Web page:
At the time, there was a study that the ABA had published called “Visible Invisibility,” and it was about how women of color tend to slip through the cracks at large law firms. There have been studies done on women, done on people of color, but women of color just weren’t in the mix. And so this particular report focused on women of color at large law firms, and I will say what I read was sobering, but absolutely necessary. And what I started thinking was, this was needed. I wonder if it’s possible to do a follow-up where we talk with women of color partners at large law firms who are doing well and see what we can learn from them. So I had a chance to conduct interviews with women of color partners across the country, which was wonderful. So we got a wide range of perspectives on what was working for them, what was challenging, and then lots of tips and tricks on how to be successful at large law firms. So it’s a fantastic read for associates, of course, but it’s also a great read for law firms as well.

Crissonna Tennison

Do you think it would be helpful to read even if you’re not a woman of color?

Monica Parker

Absolutely, it is. It’s useful for anyone to get perspective on what it’s like to be a woman of color. And interestingly enough, and probably not a surprise, but a lot of the advice offered there is valuable for anyone in any role, essentially. So yes, it’s a great read. If I do say so myself.

Crissonna Tennison

Oh, no, I love it. I believe you. And it’s good to advocate for yourself. So I will probably read it.

Can you talk a little bit more about what you feel the stakes are when it comes to developing diversity and inclusion practices in law? Like what do you feel like the larger stakes are?

Monica Parker

Well this one may be obvious, but it bears repeating: clients are wanting to see diversity in their legal teams. It’s going to vary from client to client. But we have seen this trend where it’s becoming increasingly important, and there are clients who absolutely demand diversity in their legal teams. And that’s something that’s not going to go away. So that’s a major stake. I would say also, firms, again no surprise, have invested a lot in their people. And so if you invested that much in your people, you want to retain your people, and you want them to succeed, and you want them to be fulfilled. Turnover is expensive.

I’d also say that you want to have a reputation for attracting diverse talent. And candidates for firms are asking about that. That’s something that I’ve noticed that’s also becoming increasingly the case, and not just candidates of color, but white candidates as well, because they want to work at a place that values diversity, equity, inclusion, and belonging. So if you want to attract the best talent, you want DEI to be top of mind.

Crissonna Tennison

I feel like I’ve been hearing that lately, that diversity issues are, in addition to all the other reasons why they’re so important, they’re also important when it comes to just the business elements of running a firm. Do you see any possible trickle down effects of diversity and inclusion in law affecting people in the broader world, like clients or just people who need legal services? Is that something that you think is relevant?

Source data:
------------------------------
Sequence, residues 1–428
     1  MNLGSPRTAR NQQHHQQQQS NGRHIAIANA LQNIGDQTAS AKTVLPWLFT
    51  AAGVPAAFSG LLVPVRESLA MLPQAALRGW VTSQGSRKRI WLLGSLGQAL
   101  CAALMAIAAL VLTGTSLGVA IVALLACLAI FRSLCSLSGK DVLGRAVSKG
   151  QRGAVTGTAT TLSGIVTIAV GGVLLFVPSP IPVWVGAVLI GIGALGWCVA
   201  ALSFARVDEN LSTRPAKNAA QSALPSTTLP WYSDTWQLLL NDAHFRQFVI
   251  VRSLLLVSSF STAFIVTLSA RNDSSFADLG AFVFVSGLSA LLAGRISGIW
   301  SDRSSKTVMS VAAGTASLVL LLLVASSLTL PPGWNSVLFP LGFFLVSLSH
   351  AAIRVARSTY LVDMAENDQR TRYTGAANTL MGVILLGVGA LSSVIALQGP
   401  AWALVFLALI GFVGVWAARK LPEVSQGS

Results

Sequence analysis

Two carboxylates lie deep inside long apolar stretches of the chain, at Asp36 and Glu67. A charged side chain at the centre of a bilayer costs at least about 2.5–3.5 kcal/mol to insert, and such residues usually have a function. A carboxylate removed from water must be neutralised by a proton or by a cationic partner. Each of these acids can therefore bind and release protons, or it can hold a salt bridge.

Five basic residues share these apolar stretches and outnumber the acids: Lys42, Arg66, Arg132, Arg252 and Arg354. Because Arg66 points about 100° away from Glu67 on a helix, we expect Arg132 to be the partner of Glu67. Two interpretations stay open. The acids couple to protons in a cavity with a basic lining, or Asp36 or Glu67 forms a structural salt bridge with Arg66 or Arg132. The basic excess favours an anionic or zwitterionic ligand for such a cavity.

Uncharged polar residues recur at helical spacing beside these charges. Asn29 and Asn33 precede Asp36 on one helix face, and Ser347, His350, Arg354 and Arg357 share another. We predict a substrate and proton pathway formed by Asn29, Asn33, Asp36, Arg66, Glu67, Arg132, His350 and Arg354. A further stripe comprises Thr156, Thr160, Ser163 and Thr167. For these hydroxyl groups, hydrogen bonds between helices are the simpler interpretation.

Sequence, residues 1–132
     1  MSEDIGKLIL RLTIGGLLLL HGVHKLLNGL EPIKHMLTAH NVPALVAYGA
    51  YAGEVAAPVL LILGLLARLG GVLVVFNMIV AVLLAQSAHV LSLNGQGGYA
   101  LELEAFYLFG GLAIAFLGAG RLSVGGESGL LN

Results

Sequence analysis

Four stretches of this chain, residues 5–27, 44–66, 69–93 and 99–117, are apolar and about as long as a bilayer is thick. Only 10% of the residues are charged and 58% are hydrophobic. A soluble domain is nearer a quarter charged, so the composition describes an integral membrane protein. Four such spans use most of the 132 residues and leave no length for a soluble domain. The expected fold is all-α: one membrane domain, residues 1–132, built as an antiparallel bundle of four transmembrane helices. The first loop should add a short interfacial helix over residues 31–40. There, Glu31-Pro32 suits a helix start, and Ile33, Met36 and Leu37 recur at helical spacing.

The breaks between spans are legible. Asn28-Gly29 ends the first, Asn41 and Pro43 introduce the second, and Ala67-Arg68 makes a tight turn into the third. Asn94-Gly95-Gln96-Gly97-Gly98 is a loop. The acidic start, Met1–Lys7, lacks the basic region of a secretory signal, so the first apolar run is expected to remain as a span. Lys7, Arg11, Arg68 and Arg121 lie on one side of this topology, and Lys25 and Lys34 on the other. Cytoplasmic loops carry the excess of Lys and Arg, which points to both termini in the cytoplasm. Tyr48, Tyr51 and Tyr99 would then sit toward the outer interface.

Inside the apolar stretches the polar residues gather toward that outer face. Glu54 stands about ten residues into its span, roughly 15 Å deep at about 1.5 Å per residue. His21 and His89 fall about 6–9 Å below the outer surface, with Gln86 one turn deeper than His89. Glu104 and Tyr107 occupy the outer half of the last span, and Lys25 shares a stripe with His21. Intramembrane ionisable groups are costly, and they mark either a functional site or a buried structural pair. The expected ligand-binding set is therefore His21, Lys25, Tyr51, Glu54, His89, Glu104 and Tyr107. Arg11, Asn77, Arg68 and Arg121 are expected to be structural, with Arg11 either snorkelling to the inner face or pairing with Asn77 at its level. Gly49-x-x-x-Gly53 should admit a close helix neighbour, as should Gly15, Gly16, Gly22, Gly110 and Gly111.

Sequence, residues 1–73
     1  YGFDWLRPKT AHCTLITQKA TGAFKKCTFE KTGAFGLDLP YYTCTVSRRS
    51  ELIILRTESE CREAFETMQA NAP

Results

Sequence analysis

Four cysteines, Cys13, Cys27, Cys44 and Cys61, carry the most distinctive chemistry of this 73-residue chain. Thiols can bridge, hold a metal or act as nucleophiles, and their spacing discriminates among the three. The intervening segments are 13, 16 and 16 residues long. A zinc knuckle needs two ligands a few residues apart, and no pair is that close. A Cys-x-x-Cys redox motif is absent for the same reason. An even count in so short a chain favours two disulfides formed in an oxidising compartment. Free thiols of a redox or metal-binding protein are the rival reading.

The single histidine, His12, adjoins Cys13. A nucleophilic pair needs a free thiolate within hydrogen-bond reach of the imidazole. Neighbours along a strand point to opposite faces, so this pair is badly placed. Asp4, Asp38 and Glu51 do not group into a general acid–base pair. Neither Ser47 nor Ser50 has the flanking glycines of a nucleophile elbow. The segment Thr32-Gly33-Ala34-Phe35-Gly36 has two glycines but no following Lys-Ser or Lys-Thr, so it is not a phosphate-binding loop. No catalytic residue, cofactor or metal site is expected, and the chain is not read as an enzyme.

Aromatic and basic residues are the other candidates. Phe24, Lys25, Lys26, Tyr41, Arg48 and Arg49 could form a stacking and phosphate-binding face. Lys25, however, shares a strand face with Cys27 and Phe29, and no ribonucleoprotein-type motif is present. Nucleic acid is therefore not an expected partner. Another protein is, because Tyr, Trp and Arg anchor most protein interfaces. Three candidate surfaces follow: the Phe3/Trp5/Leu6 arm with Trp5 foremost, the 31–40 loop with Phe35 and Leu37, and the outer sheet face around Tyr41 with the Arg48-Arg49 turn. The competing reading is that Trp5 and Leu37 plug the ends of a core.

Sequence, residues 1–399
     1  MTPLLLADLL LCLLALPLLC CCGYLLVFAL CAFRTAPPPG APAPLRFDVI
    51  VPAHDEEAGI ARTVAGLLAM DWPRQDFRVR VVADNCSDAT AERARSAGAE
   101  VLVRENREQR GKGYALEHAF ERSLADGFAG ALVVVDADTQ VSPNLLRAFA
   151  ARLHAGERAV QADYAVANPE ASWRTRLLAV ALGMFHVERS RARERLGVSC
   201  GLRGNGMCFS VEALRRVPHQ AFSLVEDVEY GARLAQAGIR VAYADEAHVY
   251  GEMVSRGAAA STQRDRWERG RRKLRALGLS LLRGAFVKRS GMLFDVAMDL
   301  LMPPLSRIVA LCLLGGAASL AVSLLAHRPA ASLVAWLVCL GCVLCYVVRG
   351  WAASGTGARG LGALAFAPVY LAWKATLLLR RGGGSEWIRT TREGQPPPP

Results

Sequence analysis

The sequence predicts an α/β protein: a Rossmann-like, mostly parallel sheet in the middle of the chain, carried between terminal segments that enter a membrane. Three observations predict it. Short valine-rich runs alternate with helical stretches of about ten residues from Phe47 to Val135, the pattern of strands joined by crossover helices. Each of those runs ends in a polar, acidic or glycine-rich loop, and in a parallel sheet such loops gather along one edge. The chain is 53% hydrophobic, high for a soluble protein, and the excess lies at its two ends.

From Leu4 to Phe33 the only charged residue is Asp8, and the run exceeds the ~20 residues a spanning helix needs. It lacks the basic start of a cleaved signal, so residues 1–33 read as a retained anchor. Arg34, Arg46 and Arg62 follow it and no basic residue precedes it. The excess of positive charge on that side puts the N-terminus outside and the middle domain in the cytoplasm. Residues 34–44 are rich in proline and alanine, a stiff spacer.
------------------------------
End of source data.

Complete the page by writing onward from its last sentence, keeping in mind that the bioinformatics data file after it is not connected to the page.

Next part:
Monica Parker

It’s relevant, because as humans, we all want to see people who look like us. So if I’m a client of a law firm, I would like to see people who look like me working at that law firm, doing well at that law firm, whether it’s a client at a large law firm, you know, a medium sized firm, a small firm. That’s important too just because lawyers often are very involved in their communities as well. It’s important to see the representation match up with the community. So I do think it’s important for that to be there.

There are some of the standard arguments you may have already heard around how diverse teams perform better, have better results overall. So I think that just by nature of having that diversity, you bring a diversity of experiences to the table, and that’s at the end of the day going to be all to the good.

Crissonna Tennison

Do you have any final thoughts or messages to share for listeners or anything that you feel we should have asked or touched on that we didn’t?

Monica Parker

One final point: diversity, equity and inclusion is a team effort. So it’s not up to your DEI person or leadership to make things happen, although those are necessary, folks. I look at it as, D&I requires every person in the organization to be focused on making the workplace an inclusive space where everyone can achieve.

Crissonna Tennison

Yeah, I can see how in an office environment you have to work together to create an effective workplace. And that includes working together to build a more accessible, inclusive workplace where everyone feels comfortable to do their best work.

Thank you so much for coming on through and talking to us today. That was a lot of really interesting and good information. So yeah, thank you for coming and joining our show today and sharing your insights with us.

Monica Parker

Well, thanks again for having me. I enjoyed our conversation.

OUTRO 

Thank you for listening to the National Law Review’s Legal News Reach podcast. Be sure to follow us on Apple Podcasts, Spotify, or wherever you get your podcasts for more episodes. For the latest legal news, or if you’re interested in publishing and advertising with us, visit www.natlaw review.com. We’ll be back soon with our next episode.


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National Law Review, Volume XIII, Number 94